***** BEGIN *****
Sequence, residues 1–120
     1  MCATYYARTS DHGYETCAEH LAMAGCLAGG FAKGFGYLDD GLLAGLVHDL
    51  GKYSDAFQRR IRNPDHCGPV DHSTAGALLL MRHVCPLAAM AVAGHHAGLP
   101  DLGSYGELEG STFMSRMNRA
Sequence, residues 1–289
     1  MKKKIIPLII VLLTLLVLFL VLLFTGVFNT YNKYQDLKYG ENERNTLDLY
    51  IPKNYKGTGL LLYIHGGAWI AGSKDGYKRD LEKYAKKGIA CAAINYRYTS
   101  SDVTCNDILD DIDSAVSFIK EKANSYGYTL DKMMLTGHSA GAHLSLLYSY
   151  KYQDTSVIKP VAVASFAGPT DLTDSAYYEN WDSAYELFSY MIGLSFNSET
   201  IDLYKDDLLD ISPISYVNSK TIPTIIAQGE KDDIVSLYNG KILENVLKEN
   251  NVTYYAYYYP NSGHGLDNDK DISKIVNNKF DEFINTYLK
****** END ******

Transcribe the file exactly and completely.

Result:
Sequence, residues 1–120
     1  MCATYYARTS DHGYETCAEH LAMAGCLAGG FAKGFGYLDD GLLAGLVHDL
    51  GKYSDAFQRR IRNPDHCGPV DHSTAGALLL MRHVCPLAAM AVAGHHAGLP
   101  DLGSYGELEG STFMSRMNRA
Sequence, residues 1–289
     1  MKKKIIPLII VLLTLLVLFL VLLFTGVFNT YNKYQDLKYG ENERNTLDLY
    51  IPKNYKGTGL LLYIHGGAWI AGSKDGYKRD LEKYAKKGIA CAAINYRYTS
   101  SDVTCNDILD DIDSAVSFIK EKANSYGYTL DKMMLTGHSA GAHLSLLYSY
   151  KYQDTSVIKP VAVASFAGPT DLTDSAYYEN WDSAYELFSY MIGLSFNSET
   201  IDLYKDDLLD ISPISYVNSK TIPTIIAQGE KDDIVSLYNG KILENVLKEN
   251  NVTYYAYYYP NSGHGLDNDK DISKIVNNKF DEFINTYLK